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Photo: Caroline Brehman/CQ-Roll Call, Inc via Getty Images.

Former U.S. special envoy to Ukraine Kurt Volker and former National Security Council Russia adviser Tim Morrison — two witnesses called by Republicans — testified Tuesday afternoon in the second public impeachment hearing of the day.

The big picture: Volker was part of a cadre of officials who worked with Rudy Giuliani to push Ukraine to announce investigations into Trump's political rivals, though he testified Tuesday that he was not aware that the investigation would involve Joe Biden. Morrison testified that EU Ambassador Gordon Sondland informed him that nearly $400 million in military aid to Ukraine would be released if Ukrainian President Volodymyr Zelensky announced the investigations.

Highlights
  • In his opening statement, Volker testified that he did not understand until recently that a proposed Ukrainian investigation of the gas company Burisma — where Hunter Biden formerly served on the board — was equivalent to an investigation of the Bidens. He added that if he had known that was the case, he would have raised objections.
  • Volker testified that allegations by Ukraine's former prosecutor general against Joe Biden and former U.S. Ambassador to Ukraine Marie Yovanovitch are baseless and that he knows both to be honorable people.
  • Volker also said in his opening statement that he was not aware of a linkage between military aid and Zelensky's announcement of investigations and that he opposed the hold on security assistance. He said that he warned Zelensky that Rudy Giuliani was negatively influencing Trump's view of Ukraine.
  • In a major change from his closed-door testimony, Volker said that Sondland raised "investigations" in a meeting with Ukrainian officials in the White House and that he and others present thought it was inappropriate. Volker said that it would be appropriate to ask Ukraine to investigate the 2016 election and Burisma, but that the meeting at the White House was not the right time or place for Sondland to do so.
    • Of note: At this point, Volker said he had made a “distinction” between an investigation of Burisma and an investigation into the Bidens.
  • Morrison testified that he recommended that access to the Trump-Zelensky call transcript be restricted, but that its placement onto a highly classified computer system was an "administrative error."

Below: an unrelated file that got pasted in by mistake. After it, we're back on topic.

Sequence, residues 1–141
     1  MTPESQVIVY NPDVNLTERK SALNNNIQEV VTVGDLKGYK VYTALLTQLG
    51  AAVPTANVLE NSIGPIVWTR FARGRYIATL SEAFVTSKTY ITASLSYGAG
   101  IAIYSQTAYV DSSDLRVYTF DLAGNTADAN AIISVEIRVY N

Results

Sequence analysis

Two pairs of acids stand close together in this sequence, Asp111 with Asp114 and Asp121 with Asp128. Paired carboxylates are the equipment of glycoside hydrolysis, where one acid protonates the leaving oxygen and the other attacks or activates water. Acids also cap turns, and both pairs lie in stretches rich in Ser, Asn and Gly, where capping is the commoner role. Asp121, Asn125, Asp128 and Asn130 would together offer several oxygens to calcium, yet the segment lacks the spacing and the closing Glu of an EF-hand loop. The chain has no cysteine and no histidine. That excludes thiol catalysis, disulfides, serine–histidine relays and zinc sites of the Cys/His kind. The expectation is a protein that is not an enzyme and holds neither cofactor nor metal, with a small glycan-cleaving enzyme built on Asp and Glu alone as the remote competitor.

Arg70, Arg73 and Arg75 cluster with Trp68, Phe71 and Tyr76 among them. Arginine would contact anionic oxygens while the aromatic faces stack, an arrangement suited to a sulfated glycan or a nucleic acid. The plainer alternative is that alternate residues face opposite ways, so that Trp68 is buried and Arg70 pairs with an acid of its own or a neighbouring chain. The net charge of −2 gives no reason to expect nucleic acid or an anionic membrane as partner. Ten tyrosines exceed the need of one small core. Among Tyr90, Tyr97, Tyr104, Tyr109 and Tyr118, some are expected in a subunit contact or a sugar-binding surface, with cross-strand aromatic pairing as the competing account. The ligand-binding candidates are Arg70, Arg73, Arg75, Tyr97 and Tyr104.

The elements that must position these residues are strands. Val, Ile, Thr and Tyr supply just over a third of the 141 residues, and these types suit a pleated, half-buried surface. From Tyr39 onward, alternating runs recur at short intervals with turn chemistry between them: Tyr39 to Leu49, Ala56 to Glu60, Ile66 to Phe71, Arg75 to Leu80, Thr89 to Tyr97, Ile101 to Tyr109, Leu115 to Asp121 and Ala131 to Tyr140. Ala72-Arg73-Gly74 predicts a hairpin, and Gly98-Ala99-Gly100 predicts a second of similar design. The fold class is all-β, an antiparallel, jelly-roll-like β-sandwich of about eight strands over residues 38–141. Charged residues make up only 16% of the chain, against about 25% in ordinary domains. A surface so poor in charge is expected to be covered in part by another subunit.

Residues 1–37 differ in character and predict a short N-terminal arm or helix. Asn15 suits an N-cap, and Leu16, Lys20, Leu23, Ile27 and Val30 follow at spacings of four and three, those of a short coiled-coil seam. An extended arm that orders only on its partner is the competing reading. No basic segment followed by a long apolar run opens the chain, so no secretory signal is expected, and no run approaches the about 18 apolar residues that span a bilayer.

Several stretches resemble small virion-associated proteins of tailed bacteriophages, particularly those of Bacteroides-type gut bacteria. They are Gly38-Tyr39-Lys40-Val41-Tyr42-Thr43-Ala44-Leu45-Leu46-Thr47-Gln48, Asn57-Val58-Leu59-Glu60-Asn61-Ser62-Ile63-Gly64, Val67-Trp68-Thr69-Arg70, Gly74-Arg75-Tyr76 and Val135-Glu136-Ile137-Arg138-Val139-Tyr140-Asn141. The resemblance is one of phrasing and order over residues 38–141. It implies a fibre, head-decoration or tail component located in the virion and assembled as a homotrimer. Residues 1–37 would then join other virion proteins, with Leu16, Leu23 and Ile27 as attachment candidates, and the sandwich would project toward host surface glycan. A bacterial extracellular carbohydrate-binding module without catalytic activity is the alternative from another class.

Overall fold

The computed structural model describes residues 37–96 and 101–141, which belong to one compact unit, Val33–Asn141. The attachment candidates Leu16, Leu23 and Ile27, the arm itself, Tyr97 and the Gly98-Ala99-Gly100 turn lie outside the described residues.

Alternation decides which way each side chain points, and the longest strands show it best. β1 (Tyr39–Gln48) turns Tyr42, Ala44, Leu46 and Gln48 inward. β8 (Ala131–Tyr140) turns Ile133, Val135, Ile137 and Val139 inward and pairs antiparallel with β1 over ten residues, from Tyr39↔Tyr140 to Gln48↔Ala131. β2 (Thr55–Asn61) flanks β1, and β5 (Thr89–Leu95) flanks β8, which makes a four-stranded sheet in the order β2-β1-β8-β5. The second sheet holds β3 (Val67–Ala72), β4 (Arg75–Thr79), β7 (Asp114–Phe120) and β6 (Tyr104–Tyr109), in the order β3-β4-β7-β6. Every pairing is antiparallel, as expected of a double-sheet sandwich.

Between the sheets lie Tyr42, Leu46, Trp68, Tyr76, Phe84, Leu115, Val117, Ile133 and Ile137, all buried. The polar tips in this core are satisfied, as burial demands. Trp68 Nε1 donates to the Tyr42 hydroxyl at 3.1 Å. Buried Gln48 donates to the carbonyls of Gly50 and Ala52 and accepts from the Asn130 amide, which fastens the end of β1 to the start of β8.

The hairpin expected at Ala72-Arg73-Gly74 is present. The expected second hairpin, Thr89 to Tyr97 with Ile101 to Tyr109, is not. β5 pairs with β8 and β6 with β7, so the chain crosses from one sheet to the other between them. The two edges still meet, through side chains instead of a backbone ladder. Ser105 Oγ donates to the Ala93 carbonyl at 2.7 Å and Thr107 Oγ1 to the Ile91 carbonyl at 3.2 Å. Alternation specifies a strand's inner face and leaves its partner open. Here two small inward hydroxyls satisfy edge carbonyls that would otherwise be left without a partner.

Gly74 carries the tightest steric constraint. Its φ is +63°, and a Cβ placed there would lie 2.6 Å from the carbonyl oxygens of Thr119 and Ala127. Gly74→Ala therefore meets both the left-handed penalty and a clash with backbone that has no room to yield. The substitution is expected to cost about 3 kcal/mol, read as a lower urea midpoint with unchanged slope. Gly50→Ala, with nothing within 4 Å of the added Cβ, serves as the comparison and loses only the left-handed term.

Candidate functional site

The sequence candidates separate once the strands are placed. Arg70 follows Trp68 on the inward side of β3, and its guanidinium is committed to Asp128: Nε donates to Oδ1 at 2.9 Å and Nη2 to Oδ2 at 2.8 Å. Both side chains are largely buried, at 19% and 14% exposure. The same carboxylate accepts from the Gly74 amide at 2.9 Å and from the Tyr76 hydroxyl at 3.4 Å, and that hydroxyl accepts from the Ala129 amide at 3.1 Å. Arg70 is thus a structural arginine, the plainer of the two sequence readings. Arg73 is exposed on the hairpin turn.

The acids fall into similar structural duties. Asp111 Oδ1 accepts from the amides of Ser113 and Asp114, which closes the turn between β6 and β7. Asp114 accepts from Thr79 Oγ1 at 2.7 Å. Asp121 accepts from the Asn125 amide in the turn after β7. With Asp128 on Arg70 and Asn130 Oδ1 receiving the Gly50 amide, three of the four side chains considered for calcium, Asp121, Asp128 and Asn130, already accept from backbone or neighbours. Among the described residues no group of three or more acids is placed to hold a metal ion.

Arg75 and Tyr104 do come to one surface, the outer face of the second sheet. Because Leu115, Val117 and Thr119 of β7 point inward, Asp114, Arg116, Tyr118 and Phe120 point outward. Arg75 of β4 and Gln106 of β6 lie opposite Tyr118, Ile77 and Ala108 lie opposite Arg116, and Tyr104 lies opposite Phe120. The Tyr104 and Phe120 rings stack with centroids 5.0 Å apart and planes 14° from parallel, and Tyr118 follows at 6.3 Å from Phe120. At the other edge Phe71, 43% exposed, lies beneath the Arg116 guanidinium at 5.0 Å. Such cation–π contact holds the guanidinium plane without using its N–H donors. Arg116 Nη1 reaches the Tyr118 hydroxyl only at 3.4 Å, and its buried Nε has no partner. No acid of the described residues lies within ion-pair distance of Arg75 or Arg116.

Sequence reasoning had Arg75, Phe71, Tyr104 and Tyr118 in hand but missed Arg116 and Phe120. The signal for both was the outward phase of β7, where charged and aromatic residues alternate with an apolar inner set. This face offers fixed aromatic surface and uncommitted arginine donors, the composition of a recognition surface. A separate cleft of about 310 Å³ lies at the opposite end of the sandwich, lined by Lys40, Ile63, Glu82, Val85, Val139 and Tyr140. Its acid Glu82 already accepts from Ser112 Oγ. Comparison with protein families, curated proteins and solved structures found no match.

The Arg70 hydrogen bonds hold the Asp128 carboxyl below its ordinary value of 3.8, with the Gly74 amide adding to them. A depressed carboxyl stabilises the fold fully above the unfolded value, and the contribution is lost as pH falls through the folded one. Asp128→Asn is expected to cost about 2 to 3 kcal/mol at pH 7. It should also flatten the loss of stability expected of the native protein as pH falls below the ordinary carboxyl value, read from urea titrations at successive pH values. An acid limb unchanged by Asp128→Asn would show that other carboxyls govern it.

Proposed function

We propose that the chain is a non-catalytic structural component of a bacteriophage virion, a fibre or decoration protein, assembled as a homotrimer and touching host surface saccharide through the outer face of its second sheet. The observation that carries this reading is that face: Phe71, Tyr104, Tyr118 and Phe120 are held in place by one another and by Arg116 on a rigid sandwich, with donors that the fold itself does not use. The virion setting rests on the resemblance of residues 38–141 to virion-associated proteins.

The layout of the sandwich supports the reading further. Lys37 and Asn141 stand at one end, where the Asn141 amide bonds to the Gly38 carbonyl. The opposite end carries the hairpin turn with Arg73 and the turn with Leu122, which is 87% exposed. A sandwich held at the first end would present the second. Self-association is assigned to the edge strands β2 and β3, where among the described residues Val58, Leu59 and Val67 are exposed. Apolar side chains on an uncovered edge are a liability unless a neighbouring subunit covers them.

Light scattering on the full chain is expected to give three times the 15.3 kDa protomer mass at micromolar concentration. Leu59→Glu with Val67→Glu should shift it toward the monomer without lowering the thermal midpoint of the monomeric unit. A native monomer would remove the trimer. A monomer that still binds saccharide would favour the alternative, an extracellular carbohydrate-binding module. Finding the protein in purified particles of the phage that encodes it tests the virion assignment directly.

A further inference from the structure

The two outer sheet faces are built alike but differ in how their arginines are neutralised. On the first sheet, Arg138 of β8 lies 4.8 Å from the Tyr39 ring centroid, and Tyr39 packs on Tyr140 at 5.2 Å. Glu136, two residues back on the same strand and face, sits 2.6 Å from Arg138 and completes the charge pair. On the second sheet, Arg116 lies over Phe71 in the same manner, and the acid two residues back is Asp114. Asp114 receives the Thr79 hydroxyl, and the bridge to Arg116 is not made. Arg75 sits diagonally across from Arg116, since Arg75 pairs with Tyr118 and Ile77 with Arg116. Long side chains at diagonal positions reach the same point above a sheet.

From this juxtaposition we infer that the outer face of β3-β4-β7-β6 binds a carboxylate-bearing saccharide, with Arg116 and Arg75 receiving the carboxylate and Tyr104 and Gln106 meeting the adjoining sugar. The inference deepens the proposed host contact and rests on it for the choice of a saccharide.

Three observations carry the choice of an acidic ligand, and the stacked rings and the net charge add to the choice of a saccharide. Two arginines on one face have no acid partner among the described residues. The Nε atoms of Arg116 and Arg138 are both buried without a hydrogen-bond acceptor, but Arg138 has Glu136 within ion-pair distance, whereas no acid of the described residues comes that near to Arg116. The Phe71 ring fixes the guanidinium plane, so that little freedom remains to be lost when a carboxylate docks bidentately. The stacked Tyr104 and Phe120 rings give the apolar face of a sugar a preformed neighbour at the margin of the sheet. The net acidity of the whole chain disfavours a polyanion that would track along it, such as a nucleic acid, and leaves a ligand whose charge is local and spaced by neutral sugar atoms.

• Morrison testified that Sondland informed him on Sept. 7 that a hold on Ukraine military aid would be released if Zelensky announced investigations into Biden and the 2016 election. Morrison stated that he got a "sinking feeling" and reported his concerns to then-national security adviser John Bolton, who told him to notify White House lawyers.

Watch:

Read:

The past hearings:

Go deeper:

Go deeper

Facebook to lift political ad ban imposed after November election

Photo Illustration by Omar Marques/SOPA Images/LightRocket via Getty Images

Facebook will finally allow advertisers to resume running political and social issue ads in the U.S. on Thursday, according to a company update.

The big picture: Facebook and rival Google instituted political ad bans to slow the spread of misinformation and curb confusion around the presidential election and its aftermath.

Bryan Walsh, author of Future
33 mins ago - Technology

AI is industrializing

Illustration: Sarah Grillo/Axios

Artificial intelligence is becoming a true industry, with all the pluses and minuses that entails, according to a sweeping new report.

Why it matters: AI is now in nearly every area of business, with the pandemic pushing even more investment in drug design and medicine. But as the technology matures, challenges around ethics and diversity grow.

Updated 2 hours ago - Politics & Policy

National Guard chief: Pentagon's "unusual" Jan. 6 restrictions led to 3-hour delay

William Walker, commanding general of the D.C. National Guard, testified Wednesday that a three-hour delay in approval for National Guard assistance during the Jan. 6 Capitol attack was exacerbated by "unusual" restrictions on his authorities by Pentagon leadership.

Why it matters: Walker testified that if Army Secretary Ryan McCarthy had not prohibited him in a Jan. 5 memo from using the National Guard's "Quick Reaction Force" without authorization, he would have "immediately" sent troops to the Capitol after receiving a "frantic call" from then-Capitol Police Chief Steven Sund.

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